Synthesizing Historical Research Leads to a Simple, Compatible, and Extensible Big History Framework and Periodization


David J. LePoire


Many questions remain unanswered regarding how Big History events should be organized and interpreted. For example, should Big History be divided into periods or processes, when it is clearly a complex process of simultaneous interacting processes? In such an uncertain environment, how are models constructed and evaluated? When we look at Big History, at what level of abstraction do we start?

This paper gleans important insights from a number of historical papers to develop a consistent view of Big History. It is important to consider many aspects of an evolving system. For example, how does the evolving system 1) learn from its experiences in the environment; 2) extract energy and resources to combat the trend towards chaos and higher entropy; 3) organize itself at multiple levels to meet new challenges?
Various traditional scholarly disciplines contribute to various aspects of Big History, including astronomy, geology, evolutionary biology, evolutionary anthropology, and the history of civilizations. This suggests a base framework of cosmic and terrestrial phases. The terrestrial phase saw the sequential evolution of life, humans, and civilization. Based on this framework, the various disciplines’ timelines are consolidated along with their dynamic systems models. This base framework is then expanded to include more details. This simple approach meets many criteria for an effective framework: it integrates with knowledge from other disciplines; it provides a simple, understandable model; it can be extended in detail with nested transitions; and it immediately expresses the acceleration of evolving complex adaptive systems (CAS). Similarly, proposed frameworks offer slightly different perspectives.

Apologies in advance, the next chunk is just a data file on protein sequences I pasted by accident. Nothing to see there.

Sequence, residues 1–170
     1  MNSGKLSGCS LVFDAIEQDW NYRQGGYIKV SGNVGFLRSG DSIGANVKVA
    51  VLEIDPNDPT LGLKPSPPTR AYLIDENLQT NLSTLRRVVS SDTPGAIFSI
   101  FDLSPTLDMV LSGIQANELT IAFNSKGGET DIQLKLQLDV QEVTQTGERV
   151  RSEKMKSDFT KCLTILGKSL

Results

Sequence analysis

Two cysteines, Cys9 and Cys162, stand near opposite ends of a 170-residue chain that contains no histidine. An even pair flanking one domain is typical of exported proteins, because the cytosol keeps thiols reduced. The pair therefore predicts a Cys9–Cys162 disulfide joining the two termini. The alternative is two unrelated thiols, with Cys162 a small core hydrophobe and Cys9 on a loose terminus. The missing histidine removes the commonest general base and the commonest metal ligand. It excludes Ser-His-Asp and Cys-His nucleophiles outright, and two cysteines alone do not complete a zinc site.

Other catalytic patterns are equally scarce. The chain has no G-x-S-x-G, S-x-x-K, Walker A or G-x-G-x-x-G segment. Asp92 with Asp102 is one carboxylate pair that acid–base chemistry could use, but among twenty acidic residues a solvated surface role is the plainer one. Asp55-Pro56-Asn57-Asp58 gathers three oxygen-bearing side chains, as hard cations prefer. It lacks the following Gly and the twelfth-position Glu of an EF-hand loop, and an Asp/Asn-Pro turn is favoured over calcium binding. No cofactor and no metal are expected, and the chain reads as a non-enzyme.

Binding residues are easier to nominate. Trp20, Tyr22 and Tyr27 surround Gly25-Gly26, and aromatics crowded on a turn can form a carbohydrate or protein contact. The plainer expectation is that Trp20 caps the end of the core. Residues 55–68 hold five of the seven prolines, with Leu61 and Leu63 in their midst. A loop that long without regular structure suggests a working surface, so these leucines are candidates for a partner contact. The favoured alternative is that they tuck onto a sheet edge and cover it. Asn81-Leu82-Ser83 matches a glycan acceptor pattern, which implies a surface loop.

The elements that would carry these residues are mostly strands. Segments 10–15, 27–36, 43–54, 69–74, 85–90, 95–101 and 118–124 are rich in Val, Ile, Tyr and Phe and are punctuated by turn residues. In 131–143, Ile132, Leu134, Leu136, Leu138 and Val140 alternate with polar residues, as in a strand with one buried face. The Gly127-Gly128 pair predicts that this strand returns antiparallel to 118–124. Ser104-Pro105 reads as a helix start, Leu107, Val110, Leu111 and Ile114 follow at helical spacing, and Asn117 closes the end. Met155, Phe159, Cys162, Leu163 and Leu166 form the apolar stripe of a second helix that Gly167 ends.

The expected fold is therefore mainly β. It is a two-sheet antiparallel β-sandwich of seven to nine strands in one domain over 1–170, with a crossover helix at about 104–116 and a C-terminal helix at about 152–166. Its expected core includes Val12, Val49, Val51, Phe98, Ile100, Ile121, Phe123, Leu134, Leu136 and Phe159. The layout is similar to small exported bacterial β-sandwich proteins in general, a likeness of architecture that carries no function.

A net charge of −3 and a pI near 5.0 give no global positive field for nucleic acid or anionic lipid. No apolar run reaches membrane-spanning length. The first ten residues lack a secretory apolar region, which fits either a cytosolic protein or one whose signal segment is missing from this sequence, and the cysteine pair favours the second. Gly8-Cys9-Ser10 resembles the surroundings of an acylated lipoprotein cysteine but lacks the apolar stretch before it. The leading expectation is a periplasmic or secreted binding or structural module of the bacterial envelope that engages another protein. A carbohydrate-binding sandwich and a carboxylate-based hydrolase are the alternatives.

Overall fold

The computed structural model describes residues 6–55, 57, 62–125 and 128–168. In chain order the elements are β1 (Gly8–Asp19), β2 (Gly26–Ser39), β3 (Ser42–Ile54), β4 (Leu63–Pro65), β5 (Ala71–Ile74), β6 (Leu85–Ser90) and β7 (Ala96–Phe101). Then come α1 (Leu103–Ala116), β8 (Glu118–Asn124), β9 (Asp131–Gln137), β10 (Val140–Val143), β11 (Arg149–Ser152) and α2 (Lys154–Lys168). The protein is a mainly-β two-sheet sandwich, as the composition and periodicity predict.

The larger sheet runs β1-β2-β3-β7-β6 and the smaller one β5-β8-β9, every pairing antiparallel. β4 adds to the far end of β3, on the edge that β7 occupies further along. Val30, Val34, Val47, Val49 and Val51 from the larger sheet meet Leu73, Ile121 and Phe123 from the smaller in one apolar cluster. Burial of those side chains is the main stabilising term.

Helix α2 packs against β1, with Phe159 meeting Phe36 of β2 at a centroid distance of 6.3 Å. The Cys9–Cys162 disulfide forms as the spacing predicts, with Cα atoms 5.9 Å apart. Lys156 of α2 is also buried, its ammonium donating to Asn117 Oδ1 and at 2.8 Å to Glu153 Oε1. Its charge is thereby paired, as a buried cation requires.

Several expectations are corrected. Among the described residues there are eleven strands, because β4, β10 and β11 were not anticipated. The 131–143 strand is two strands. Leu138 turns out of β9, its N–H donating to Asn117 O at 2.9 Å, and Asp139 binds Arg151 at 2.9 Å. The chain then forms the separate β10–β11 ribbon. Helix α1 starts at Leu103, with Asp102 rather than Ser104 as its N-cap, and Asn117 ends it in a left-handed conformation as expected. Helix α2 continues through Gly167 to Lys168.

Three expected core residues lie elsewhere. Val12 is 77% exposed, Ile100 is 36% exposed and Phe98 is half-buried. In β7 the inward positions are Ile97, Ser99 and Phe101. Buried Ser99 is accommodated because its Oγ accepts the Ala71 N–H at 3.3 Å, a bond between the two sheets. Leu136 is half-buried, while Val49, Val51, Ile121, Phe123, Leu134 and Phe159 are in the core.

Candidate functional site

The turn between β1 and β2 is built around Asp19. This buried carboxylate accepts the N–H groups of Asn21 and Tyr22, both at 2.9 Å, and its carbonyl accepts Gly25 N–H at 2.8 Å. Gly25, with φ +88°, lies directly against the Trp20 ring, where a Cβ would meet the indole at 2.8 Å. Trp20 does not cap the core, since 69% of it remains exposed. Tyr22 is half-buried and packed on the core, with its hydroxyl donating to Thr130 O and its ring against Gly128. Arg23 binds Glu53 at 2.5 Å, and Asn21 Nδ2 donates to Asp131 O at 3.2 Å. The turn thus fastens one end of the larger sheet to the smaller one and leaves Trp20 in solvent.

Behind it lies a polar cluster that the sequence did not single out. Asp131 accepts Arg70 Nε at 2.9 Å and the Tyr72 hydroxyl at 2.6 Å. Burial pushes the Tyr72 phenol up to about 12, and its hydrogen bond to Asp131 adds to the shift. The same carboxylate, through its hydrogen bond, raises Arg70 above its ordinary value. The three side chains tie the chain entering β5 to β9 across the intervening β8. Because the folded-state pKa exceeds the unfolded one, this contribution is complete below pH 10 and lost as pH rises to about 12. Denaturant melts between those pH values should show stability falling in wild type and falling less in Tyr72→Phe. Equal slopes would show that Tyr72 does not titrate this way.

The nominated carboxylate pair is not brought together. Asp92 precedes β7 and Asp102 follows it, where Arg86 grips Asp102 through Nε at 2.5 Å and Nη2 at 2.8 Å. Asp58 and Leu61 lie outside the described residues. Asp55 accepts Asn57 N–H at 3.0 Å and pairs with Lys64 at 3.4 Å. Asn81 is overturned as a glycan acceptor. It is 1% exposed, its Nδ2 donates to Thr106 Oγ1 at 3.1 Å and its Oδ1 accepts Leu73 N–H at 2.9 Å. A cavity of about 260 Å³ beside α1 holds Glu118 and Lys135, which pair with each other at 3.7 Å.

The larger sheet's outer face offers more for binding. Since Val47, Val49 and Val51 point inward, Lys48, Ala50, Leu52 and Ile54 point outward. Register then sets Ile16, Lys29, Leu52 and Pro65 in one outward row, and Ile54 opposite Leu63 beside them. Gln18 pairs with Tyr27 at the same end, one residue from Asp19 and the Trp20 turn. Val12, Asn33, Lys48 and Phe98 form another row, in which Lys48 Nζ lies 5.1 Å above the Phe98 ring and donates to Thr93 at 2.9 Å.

Author Biography

David J. LePoire, Argonne National Laboratory

David LePoire researches, develops and applies science principles in environmental issues, Big History evolutionary trends, and particle scattering. He has a BS in physics from CalTech, a Ph.D. in computer science from DePaul University, and over thirty years’ experience at the Argonne National Laboratory in the development of scientific analyses, software, training, and modeling. His research includes Big History synergistic trends among energy, environment, organization, and information.